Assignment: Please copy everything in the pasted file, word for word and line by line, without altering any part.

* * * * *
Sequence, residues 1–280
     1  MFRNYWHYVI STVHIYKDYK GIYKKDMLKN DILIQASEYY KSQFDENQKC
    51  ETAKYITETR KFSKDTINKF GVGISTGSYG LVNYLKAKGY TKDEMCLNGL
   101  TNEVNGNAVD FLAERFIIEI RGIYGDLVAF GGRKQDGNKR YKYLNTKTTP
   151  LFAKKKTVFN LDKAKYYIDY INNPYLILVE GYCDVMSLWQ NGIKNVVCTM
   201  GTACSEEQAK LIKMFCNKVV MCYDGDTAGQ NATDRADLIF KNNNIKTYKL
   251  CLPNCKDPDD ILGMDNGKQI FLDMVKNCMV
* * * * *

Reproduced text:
Sequence, residues 1–280
     1  MFRNYWHYVI STVHIYKDYK GIYKKDMLKN DILIQASEYY KSQFDENQKC
    51  ETAKYITETR KFSKDTINKF GVGISTGSYG LVNYLKAKGY TKDEMCLNGL
   101  TNEVNGNAVD FLAERFIIEI RGIYGDLVAF GGRKQDGNKR YKYLNTKTTP
   151  LFAKKKTVFN LDKAKYYIDY INNPYLILVE GYCDVMSLWQ NGIKNVVCTM
   201  GTACSEEQAK LIKMFCNKVV MCYDGDTAGQ NATDRADLIF KNNNIKTYKL
   251  CLPNCKDPDD ILGMDNGKQI FLDMVKNCMV